Gentleman's bid in the balcony at £150.
The hammer's going down at £150.
Well, hail the great expert, that's all I can say.
-Well done your mum!
Yes! Well done your mum!
Well done her mum. OK, plus £50 for that.
You had £42 before, which is plus 92 then.
Well, that's falling money then, isn't it?
-I can't believe we've done that!
-That is amazing.
I'm going to pack this up.
-I don't want to do this any more.
-We'll take your job.
You keep at it. You're getting better and better at this.
OK. OK, girls. That's fantastic, isn't it? Plus £92.
-Don't say a word to the Blues.
-No, we won't.
-In fact, don't talk to anybody.
-OK, lovely. Thank you very much.
-Thanks very much!
-OK, C and D, you good?
You've got that bedroom fireplace. Spent £100 on that.
He's put £20 to £40 on it.
On the other hand, funny things happen at auction
and the most unlikely objects - ha-ha-ha -
do bring a considerable amount of money,
so you could be in the money with the cast iron here,
I just don't know.
Very low start to start it off. £15 to start.
At £15, a Victorian fireplace.
At £15. 20 for it. 20 on the net.
At £20. 25, can I say now?
£25 at the back. 30, internet now.
30 I'm bid. 35? £30. At £30.
Going to be sold at £30.
Are we all finished?
£30! That's terrible.
£30 is minus £70.
-Minus 70, that's a good start(!)
-Sorry about that.
Now, international interest please in nutcrackers.
At £10. 15, can I say for them?
At £10. Only 15. Surely somewhere for the two lots.
15, thank you, madam, at the back, in the doorway.
Well, you've doubled your money.
£15 only, all down.
£15 is plus nine, which means your loses are minus 61. Now...
BOTH: Not bad(!)
Don't level with me!
£50 to start. At £50. At £50.
55, can I say? At £55. 60 now.
£60. 65. 70 on my right now.
-New bidder at £70.
Gentleman standing at my right at £70.
Are we all finished at £70? All finished?
-£70 is minus £95.
-That'll be six...
-That's spectacular, that(!)
Dear, oh, dear, oh, dear - minus 156.
If you're going to lose, lose in style.
Now, is this little box going to save your bacon?
-It's going to have to, I think.
-Going to go with the bonus buy?
Just for the fun of it? I don't blame you.
£12, well done, Anita, you've done the right thing there, girl,
because the auctioneer has estimated £15 to £25 on it.
He thinks you'll double or triple your money on the little box,
so let's see what happens.
At £10 bid. At £10 bid.
Here it comes.
At 15 bid. 20 now. At £20.
25, can I say? At £20.
Well done, Anita. Loving it. Loving your work.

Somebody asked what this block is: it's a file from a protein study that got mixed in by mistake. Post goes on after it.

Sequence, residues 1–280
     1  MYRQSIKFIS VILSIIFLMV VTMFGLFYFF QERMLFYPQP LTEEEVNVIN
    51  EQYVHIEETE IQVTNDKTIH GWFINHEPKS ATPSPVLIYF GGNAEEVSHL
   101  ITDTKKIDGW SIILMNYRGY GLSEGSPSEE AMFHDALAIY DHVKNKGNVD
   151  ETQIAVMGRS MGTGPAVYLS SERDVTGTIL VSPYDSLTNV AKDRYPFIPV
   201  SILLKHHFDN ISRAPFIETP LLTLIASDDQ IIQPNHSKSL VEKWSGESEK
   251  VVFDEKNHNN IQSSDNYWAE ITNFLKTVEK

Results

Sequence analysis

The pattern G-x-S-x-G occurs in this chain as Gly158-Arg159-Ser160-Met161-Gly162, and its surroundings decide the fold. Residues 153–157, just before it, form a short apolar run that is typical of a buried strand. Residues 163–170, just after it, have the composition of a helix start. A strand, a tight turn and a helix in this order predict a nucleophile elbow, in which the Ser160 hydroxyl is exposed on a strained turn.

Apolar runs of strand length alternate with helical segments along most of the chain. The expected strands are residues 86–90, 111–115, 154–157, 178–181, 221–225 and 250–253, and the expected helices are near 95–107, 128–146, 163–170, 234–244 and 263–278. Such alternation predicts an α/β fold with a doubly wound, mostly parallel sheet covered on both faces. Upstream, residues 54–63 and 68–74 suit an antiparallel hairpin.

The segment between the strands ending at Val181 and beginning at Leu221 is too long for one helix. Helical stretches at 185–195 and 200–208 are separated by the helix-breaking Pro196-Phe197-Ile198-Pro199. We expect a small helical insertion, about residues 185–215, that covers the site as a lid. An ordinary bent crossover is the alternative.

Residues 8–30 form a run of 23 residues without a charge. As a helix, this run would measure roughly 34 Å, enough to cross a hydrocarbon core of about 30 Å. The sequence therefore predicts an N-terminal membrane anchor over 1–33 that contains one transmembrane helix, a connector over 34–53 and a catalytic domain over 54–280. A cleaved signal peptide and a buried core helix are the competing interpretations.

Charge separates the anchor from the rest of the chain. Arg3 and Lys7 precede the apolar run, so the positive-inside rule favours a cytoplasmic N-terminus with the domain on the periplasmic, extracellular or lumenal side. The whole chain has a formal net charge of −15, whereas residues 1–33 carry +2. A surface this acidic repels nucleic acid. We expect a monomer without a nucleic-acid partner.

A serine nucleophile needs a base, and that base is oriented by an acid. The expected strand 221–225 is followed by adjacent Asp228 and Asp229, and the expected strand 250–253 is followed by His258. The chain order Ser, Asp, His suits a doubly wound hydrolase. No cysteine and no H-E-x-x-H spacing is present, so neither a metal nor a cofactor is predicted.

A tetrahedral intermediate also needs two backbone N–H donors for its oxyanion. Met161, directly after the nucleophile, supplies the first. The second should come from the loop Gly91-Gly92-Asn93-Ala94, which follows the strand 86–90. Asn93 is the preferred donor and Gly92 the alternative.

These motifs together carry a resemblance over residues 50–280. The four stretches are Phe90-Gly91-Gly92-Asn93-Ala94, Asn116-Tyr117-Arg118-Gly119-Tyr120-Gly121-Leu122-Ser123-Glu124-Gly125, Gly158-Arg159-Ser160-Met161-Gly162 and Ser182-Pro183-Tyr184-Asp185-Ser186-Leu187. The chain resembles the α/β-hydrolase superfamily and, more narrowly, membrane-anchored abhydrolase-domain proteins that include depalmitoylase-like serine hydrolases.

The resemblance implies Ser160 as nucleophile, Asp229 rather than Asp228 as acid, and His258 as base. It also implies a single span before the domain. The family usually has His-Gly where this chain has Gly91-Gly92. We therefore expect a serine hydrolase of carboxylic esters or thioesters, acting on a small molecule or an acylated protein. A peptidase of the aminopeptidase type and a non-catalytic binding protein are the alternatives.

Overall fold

Finished at £20. For the lot, all down.
-£20 is plus eight. Which means that...
-Thanks very much!
..you are now minus 148.
-Minus £148, which is not too bad if you say it quickly.
Anyway, don't say a word to the Reds, all right,
and all will be revealed in a moment.
-Thank you very much, chaps.
-Thanks very much.
Well, what fun!
I mean, today's programme is a classic example
of how two teams can shop in the same place at the same time
and yet get it so completely wrong,
or right, depending on how you're looking at it.
And the team that is substantially in the wrong today
-just happens to be the Blues.
I mean, minus £148 is a pretty hairy old score, isn't it, really?
The nutcrackers made the profit, yeah? Plus £9.
But apart from that, it was a pretty dour do
until you got to Anita's ring box, where you got an £8 profit.
But still, overall, minus £148.
-Wasn't your day, chaps, was it?
-No, not in the end.
Anyway, you've been very sporting about it and brave
and British, which is marvellous. Thank you very much for joining us.
-No problem, it's been a pleasure.
-It's been great. Thank you.
But the victors today go home with £92!
Here we go, girls. There's your £92.
You start out with a white face and then you get £30 on your scales,
£12 on that TERRIBLE tin bath that I was really rude about
and then you get £50 from the man's plough.
I mean, how does all that work out?
Well, it works out to £92 of very well earned profit.
I think you're all shining with glory.
In fact, I've decided to exercise my gift
of the Order of the Golden Gavel
because I felt a white face in these circumstances
was so close to making three profits,
so you girls are going to get a crack at it, all right?
So there we go, personal presentation.
BOTH: Thank you.
The ancient venerable Order of the Golden Gavel, wear it with pride.
-Gosh, they're new ones.
-For your collection, Phil.
Very nice too. It's been super. You happy with that?
-Very happy, thank you.
-Well done, girls. To make all that profit
is a considerable achievement and we love you for it.
In fact, join us soon for some more bargain hunting. Yes?!
Tim Wonnacott and the team pay a visit to Wetherby racecourse. The reds and blues go head to head at the fair, but which of them will come out on top at the auction? The two experts leading them along the way are Philip Serrell and Anita Manning.
Tim tracks down an unusual indigenous artefact with some fascinating history.